Germany’s currywurst is also a frequent mention on “world’s best street food” lists. See here and here. Currywurst is a sausage topped with ketchup and curry powder and served with either pommes (fries) or brötchen (bread roll). My youthful clerk tells me that currywurst can be very satisfying after an evening partaking of drink and dance; in his words, it is good “drunk food.” 

II. Street Food

Döner Bistro’s offerings—döner and currywurst—are considered street food around the world. But what does this status as street food mean to this Supreme Cart? I take this opportunity to clarify our court’s treatment of street food.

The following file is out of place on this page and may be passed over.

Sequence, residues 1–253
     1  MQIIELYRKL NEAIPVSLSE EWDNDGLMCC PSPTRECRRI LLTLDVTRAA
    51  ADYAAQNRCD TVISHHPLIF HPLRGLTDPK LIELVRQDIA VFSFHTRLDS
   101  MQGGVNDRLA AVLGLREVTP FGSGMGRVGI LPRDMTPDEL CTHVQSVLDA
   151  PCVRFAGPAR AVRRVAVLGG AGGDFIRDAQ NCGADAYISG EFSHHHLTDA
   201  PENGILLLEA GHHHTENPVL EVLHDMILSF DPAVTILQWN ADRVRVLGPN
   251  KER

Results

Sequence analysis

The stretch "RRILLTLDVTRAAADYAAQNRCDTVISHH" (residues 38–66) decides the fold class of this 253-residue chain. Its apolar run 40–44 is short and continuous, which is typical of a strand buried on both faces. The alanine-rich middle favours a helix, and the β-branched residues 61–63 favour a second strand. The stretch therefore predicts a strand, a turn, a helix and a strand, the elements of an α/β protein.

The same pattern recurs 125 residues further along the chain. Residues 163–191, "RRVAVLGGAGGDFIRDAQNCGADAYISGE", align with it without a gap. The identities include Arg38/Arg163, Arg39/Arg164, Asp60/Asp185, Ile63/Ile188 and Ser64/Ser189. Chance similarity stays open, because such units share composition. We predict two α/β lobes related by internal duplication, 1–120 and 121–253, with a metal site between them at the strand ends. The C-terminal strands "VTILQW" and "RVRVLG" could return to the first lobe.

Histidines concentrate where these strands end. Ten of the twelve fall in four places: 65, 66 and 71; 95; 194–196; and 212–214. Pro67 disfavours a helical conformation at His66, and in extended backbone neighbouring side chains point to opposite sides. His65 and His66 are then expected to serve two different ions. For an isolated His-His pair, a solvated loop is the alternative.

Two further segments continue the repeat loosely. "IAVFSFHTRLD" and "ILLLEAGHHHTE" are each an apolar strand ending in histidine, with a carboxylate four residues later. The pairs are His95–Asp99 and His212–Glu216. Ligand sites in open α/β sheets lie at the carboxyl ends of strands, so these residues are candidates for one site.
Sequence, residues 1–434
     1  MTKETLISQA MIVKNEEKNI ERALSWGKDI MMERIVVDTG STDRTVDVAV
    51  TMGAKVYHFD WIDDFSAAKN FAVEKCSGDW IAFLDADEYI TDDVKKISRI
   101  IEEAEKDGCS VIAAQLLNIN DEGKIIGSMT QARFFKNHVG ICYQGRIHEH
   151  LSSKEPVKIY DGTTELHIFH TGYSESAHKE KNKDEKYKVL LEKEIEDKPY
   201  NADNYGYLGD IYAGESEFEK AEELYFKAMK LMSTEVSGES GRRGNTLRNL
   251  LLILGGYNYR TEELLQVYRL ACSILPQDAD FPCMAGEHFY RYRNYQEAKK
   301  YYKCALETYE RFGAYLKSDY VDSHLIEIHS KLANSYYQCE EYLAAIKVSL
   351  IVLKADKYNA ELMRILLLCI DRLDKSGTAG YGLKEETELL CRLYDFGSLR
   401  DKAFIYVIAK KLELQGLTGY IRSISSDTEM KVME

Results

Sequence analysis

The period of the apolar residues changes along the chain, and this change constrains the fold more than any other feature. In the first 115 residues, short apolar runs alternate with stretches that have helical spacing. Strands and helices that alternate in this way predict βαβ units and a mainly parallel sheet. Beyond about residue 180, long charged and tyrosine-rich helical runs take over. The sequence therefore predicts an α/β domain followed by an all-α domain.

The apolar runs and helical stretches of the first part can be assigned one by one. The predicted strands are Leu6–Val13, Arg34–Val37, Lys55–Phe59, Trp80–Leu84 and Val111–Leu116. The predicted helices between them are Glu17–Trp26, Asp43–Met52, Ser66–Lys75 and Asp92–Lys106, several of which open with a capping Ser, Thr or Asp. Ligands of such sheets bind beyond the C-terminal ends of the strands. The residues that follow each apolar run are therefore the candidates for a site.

This Cart has defined “street food” as “the kind[] of food[] that can be cooked in front of you and [is] meant to be eaten with your hands, without forks, while standing up.” In re Eat Wonky, 2 Catt. 5 (2011). In other words, street food is (1) cooked or capable of being cooked in front of the customer, i.e., aboard the mobile gastronomic enterprise; (2) meant to be eaten with one’s hands, i.e., without forks or other cutlery; and (3) eaten or is capable of being eaten while standing up. In re Big Cheese, 6 Catt. 2 (2012). However, this test is “not intended to affirmatively define the entire class of ‘street food.’” In re Hot People Food, 6 Catt. 4 (2012). In fact, we recognize as street food those dishes that are traditionally seen as street food, whether or not they meet our three factors. For example, the half-smoke and crêpe, In re Street Vendor Near National Mall, 9 Catt. 5 (2012); In re Choupi, 12 Catt. 3 (2012), and now döner and currywurst.